Digestion – the process by which food is broken down into absorbable units
The key organs of the gastrointestinal (GI) tract are the stomach and the intestines.
This includes: • Mouth • Pharynx • Salivary glands • Trachea • Esophagus • Sphincters • Stomach
Liver • Gallbladders • Bile duct • Small intestine • Large intestine • Pancreas • Rectum • Anus
Peristalsis – wavelike muscular contractions of the GI tract that push its contents along Digestive enzymes – proteins found in digestive juices that act on food substances, causing them to breakdown into simpler compounds Hydrochloric acid – found in stomach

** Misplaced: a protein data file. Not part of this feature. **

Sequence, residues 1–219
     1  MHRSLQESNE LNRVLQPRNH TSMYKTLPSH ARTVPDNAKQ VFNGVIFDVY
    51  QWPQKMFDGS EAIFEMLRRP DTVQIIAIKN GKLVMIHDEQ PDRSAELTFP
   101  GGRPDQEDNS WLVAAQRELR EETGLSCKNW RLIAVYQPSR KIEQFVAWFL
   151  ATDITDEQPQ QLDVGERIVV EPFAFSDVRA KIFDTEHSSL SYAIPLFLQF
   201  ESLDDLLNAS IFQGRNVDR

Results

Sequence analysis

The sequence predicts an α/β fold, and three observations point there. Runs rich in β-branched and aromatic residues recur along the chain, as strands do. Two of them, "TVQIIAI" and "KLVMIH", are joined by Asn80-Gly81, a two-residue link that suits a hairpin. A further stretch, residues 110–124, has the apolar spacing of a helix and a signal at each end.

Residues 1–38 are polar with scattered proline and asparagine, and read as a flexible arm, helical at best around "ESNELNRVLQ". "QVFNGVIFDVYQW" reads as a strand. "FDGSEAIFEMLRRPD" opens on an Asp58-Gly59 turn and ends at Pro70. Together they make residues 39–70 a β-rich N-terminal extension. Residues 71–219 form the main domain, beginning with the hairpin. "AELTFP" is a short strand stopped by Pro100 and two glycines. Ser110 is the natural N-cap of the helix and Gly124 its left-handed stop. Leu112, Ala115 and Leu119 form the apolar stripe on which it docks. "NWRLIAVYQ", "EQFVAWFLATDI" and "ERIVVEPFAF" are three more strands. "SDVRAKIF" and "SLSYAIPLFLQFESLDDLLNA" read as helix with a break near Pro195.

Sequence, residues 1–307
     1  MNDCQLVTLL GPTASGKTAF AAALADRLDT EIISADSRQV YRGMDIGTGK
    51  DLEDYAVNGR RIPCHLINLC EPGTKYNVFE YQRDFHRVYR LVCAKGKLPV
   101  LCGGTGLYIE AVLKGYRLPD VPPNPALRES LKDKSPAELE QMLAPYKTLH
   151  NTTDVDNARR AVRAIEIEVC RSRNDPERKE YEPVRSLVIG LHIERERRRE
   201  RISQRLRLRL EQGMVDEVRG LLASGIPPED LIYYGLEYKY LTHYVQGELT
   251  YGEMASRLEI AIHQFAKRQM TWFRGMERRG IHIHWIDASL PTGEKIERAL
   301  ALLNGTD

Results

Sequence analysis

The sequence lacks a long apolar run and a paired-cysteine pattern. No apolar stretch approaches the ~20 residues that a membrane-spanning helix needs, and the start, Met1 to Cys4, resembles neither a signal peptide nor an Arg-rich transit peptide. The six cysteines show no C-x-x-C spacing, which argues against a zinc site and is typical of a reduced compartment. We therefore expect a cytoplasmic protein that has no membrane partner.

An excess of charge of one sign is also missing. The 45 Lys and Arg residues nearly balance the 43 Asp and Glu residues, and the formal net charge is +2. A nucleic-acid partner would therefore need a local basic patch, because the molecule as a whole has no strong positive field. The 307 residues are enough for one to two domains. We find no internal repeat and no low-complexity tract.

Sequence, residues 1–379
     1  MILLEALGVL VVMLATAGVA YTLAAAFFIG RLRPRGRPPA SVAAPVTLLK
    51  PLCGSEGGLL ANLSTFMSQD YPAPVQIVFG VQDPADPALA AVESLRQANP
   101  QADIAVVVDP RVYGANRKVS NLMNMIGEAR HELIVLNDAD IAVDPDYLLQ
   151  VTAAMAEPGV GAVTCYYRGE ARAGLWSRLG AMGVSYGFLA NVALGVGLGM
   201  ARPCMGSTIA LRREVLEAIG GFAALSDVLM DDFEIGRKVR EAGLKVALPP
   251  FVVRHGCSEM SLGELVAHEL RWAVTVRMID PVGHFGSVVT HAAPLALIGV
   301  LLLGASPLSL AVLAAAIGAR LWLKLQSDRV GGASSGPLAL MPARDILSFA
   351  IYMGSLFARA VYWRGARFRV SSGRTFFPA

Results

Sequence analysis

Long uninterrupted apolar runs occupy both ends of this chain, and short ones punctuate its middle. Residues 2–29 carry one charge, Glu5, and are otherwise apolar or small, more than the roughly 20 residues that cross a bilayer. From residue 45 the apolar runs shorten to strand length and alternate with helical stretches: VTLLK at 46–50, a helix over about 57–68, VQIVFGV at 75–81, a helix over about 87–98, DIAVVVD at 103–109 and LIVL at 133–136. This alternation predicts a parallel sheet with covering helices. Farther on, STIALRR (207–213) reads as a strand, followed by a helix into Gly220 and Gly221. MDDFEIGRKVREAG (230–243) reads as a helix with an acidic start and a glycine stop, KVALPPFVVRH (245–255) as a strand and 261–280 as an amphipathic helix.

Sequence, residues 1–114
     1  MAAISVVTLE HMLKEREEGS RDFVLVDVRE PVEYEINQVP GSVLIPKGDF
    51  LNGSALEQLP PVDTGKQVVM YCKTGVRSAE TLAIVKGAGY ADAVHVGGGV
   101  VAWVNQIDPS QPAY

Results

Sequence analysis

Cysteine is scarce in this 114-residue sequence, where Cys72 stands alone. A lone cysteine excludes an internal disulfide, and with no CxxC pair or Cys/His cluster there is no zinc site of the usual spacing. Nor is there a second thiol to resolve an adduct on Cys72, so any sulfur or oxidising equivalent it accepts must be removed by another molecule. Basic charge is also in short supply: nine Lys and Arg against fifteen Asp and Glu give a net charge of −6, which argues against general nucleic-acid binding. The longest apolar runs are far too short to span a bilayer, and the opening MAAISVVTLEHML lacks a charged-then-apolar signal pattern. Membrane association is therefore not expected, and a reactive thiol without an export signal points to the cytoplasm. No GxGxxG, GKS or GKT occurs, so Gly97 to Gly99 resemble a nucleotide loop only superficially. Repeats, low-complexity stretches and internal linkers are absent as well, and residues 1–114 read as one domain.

Bile – emulsifies fat; made by liver and stored in gallbladder Absorption – the uptake of nutrients by the cells of the small intestine for transport into either blood or lymph
Microvilli – tiny projects on each villi in the small intestine that trap nutrient particles and transport them into cells Crypts – tubular glands that lie between intestinal villi and secrete intestinal juices into the small intestine
Nutrients are transported via blood and lymph. Nutrients leaving the digestive system via the blood are routed directly to the liver before being transported to the body’s cells; those leaving via lymph eventually enter the vascular system but by-pass the liver at first.